# 1962. Remove Stones to Minimize the Total

## Description

You are given a 0-indexed integer array piles, where piles[i] represents the number of stones in the ith pile, and an integer k. You should apply the following operation exactly k times:

• Choose any piles[i] and remove floor(piles[i] / 2) stones from it.

Notice that you can apply the operation on the same pile more than once.

Return the minimum possible total number of stones remaining after applying the k operations.

floor(x) is the greatest integer that is smaller than or equal to x (i.e., rounds x down).

Example 1:

Input: piles = [5,4,9], k = 2
Output: 12
Explanation: Steps of a possible scenario are:
- Apply the operation on pile 2. The resulting piles are [5,4,5].
- Apply the operation on pile 0. The resulting piles are [3,4,5].
The total number of stones in [3,4,5] is 12.


Example 2:

Input: piles = [4,3,6,7], k = 3
Output: 12
Explanation: Steps of a possible scenario are:
- Apply the operation on pile 2. The resulting piles are [4,3,3,7].
- Apply the operation on pile 3. The resulting piles are [4,3,3,4].
- Apply the operation on pile 0. The resulting piles are [2,3,3,4].
The total number of stones in [2,3,3,4] is 12.


Constraints:

• 1 <= piles.length <= 105
• 1 <= piles[i] <= 104
• 1 <= k <= 105

## Solutions

Solution 1: Greedy + Priority Queue (Max Heap)

According to the problem description, in order to minimize the total number of remaining stones, we need to remove as many stones as possible from the stone piles. Therefore, we should always choose the pile with the most stones for removal.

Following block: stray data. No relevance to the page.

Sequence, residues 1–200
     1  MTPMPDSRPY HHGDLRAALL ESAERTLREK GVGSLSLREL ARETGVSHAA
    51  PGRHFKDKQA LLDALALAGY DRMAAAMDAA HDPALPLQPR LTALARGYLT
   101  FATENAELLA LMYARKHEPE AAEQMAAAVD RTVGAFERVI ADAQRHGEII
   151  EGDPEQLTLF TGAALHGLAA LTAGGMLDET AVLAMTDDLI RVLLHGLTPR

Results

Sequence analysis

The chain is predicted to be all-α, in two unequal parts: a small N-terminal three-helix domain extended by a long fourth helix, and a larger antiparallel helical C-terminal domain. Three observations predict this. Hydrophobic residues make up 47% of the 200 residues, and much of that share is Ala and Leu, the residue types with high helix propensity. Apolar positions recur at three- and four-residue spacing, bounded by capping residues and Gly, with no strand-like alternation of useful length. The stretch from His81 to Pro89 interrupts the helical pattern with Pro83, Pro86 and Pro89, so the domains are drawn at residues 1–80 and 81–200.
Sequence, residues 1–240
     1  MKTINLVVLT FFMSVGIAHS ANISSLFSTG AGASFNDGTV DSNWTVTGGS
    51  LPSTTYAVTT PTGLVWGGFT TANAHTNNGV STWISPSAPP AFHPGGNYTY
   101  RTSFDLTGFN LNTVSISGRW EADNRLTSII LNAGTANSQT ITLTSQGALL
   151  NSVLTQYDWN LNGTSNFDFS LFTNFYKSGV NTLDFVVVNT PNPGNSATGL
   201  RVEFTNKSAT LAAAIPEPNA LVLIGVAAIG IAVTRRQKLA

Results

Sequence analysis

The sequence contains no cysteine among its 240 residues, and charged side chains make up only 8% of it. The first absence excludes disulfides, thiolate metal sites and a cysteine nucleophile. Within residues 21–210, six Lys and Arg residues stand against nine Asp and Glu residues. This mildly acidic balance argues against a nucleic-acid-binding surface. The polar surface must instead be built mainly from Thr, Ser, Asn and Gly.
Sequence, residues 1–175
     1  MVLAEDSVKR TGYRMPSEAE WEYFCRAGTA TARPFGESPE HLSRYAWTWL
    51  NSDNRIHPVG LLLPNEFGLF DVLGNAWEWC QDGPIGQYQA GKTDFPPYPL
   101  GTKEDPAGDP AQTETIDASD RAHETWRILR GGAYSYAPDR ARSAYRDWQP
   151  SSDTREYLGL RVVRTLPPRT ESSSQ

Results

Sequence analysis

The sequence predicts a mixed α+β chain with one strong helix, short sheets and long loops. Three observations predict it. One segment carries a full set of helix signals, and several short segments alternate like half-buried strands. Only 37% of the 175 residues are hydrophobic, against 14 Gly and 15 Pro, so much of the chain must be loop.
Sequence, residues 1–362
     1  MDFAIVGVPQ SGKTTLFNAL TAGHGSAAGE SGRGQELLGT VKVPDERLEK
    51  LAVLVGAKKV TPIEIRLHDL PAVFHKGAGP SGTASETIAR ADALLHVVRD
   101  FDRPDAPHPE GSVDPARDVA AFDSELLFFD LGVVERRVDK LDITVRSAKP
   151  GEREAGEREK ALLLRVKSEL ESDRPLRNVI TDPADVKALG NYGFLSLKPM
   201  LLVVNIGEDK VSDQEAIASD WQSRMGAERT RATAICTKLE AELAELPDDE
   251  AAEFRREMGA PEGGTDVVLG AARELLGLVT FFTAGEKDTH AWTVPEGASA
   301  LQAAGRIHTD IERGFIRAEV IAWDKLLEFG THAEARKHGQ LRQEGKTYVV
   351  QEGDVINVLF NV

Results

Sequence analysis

We create a priority queue (max heap) $pq$ to store the number of stones in each pile. Initially, we add the number of stones in all piles to the priority queue.

Next, we perform $k$ operations. In each operation, we take out the top element $x$ of the priority queue, halve $x$, and then add it back to the priority queue.

After performing $k$ operations, the sum of all elements in the priority queue is the answer.

The time complexity is $O(n + k \times \log n)$, and the space complexity is $O(n)$. Where $n$ is the length of the array piles.

• class Solution {
public int minStoneSum(int[] piles, int k) {
PriorityQueue<Integer> pq = new PriorityQueue<>((a, b) -> b - a);
for (int x : piles) {
pq.offer(x);
}
while (k-- > 0) {
int x = pq.poll();
pq.offer(x - x / 2);
}
int ans = 0;
while (!pq.isEmpty()) {
ans += pq.poll();
}
return ans;
}
}

• class Solution {
public:
int minStoneSum(vector<int>& piles, int k) {
priority_queue<int> pq;
for (int x : piles) {
pq.push(x);
}
while (k--) {
int x = pq.top();
pq.pop();
pq.push(x - x / 2);
}
int ans = 0;
while (!pq.empty()) {
ans += pq.top();
pq.pop();
}
return ans;
}
};

• class Solution:
def minStoneSum(self, piles: List[int], k: int) -> int:
pq = [-x for x in piles]
heapify(pq)
for _ in range(k):
heapreplace(pq, pq[0] // 2)
return -sum(pq)


• func minStoneSum(piles []int, k int) (ans int) {
pq := &hp{piles}
heap.Init(pq)
for ; k > 0; k-- {
x := pq.pop()
pq.push(x - x/2)
}
for pq.Len() > 0 {
ans += pq.pop()
}
return
}

type hp struct{ sort.IntSlice }

func (h hp) Less(i, j int) bool { return h.IntSlice[i] > h.IntSlice[j] }
func (h *hp) Push(v any)        { h.IntSlice = append(h.IntSlice, v.(int)) }
func (h *hp) Pop() any {
a := h.IntSlice
v := a[len(a)-1]
h.IntSlice = a[:len(a)-1]
return v
}
func (h *hp) push(v int) { heap.Push(h, v) }
func (h *hp) pop() int   { return heap.Pop(h).(int) }

• function minStoneSum(piles: number[], k: number): number {
const pq = new MaxPriorityQueue();
for (const x of piles) {
pq.enqueue(x);
}
while (k--) {
const x = pq.dequeue().element;
pq.enqueue(x - ((x / 2) | 0));
}
let ans = 0;
while (pq.size()) {
ans += pq.dequeue().element;
}
return ans;
}